As stated, I do not have anything against President Buhari, but his coming for a second term will not do us much good as a nation. If he had been younger, I would have given him full support, but the Buhari of today is not the Buhari, the military Head of State. He is not as alert or as agile. Foisting him on Nigeria in 2015 was a mistake, allowing him to continue in 2019 would further compound the mistake of 2105. We need agility and youthfulness to galvanize the country. The president Nigeria needs today is a digital president, not an analogue. Buhari is analogue. There is no hiding the fact that the presidency has been taken over by some people. They are known as the cabal. They determine what happens. They dictate the pulse of the nation. Most of them are also analogue. They need to vacate the scene for the younger ones. They should sit back and take a long deserved rest. They should start cultivating the idea of telling tales during moonlight to their grandchildren. They should be the ones to pass on the mores and culture to the younger generation. Sadly, they are no longer doing this.
Today, Austria has the youngest leader in the world when it elected 31-year old Sebastian Kurz as Chancellor. The other time, it was France that elected a 39 year old president. Some people would want to say that age is not a consideration and they are always quick to cite the Donald Trump example. The American president is in his 70s. But my response to that has always been that America is not the same as Nigeria. America is a made country with strong institutions. No one is above the state in America. America runs like a well-oiled gigantic machine. It is not the same with Nigeria. We have not started. We have not meshed all the parts together in Nigeria the way America has done. Nigeria is still a disparate entity; it has not achieved the status of nationhood in the real sense of it. We are hardly an industrial giant. We have not even started to aspire to be one. We thus need a young leader with vision, a leader with vigour, a leader who can think critically and act decisively. It is only when we come to that realization that we can thus begin that journey into nationhood. But I have fears, I have fears that the status quo would remain.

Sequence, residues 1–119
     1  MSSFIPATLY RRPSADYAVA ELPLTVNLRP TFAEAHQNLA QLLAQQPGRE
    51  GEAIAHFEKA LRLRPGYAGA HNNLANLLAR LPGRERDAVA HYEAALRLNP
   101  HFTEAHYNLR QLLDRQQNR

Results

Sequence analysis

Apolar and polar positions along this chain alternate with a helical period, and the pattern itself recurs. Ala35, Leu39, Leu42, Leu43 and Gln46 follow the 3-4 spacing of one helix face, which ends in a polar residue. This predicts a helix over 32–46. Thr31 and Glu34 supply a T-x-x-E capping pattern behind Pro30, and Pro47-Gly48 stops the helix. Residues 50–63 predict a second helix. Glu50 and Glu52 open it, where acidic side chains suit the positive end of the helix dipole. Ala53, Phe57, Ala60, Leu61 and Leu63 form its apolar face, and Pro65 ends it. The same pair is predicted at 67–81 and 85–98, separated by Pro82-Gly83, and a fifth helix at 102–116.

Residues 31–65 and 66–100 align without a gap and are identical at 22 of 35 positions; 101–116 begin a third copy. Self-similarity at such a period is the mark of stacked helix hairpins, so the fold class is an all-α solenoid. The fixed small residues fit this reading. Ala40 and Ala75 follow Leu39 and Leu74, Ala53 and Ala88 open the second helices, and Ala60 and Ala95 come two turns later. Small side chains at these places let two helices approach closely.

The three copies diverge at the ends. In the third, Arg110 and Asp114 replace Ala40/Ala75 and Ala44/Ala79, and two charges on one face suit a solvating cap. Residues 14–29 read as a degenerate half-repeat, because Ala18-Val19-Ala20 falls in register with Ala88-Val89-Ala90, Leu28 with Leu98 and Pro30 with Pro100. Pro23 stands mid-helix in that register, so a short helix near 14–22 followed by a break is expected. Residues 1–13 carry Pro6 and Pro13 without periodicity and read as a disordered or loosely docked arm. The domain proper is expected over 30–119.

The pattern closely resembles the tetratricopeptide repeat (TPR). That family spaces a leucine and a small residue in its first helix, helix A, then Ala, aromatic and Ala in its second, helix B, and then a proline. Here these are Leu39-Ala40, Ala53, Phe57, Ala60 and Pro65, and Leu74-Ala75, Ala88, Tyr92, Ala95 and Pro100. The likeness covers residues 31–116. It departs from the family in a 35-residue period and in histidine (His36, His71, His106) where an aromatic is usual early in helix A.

Apapa gridlock, national assets and Lagos (2)
Unfortunately, that is not likely to solve the problem. It would not make the trailers disappear from the road. Loading would still continue and by extension there would still be an influx of trailers into the area. It is thus important for the government to think critically about what it must do to ensure sanity on that road. I gathered on good authority that the Lagos state government would have taken up the challenge but the idea is being greatly hampered by the ‘redtapism’ involved. Sources close to the seat of power in Alausa informed me that getting the necessary approval from the ministry in charge had been a major issue. The source cited the controversy that trailed the Oshodi-Airport road axis which the state government wanted to take over and was blocked by the ministry involved until the vice president had to intervene by giving approval when he was acting president. The transfer of the state house marina was also cited, giving insight into the cold relationship between the Lagos government and the ministry. “Take the case of the TBS and the National Theatre that the Federal government is planning to sell. In the first place, the federal government does not have the power to sell, especially the TBS as it was held in trust for one of the Obas in Lagos that gave out the land to the federal government when the Queen was visiting Nigeria during the 50s. So when did the property become the FG’s”, the source queried.
Still on the Apapa gridlock, the federal government should focus on reducing the presence of the trailers in that axis. It should develop other means of transporting some of the goods to and from the port. The waterways should be developed while other ports can also be made use of instead of focusing on only the Apapa ports. The rail should also be developed such that some of these goods could be ferried through the rails. A trailer park is essential and the trailer drivers should be compelled to use the ones that are available presently and should only come to the ports when they have to load. Solving the problem should be holistic. It is the expectation of many Nigerians that the present situation does not continue till next year.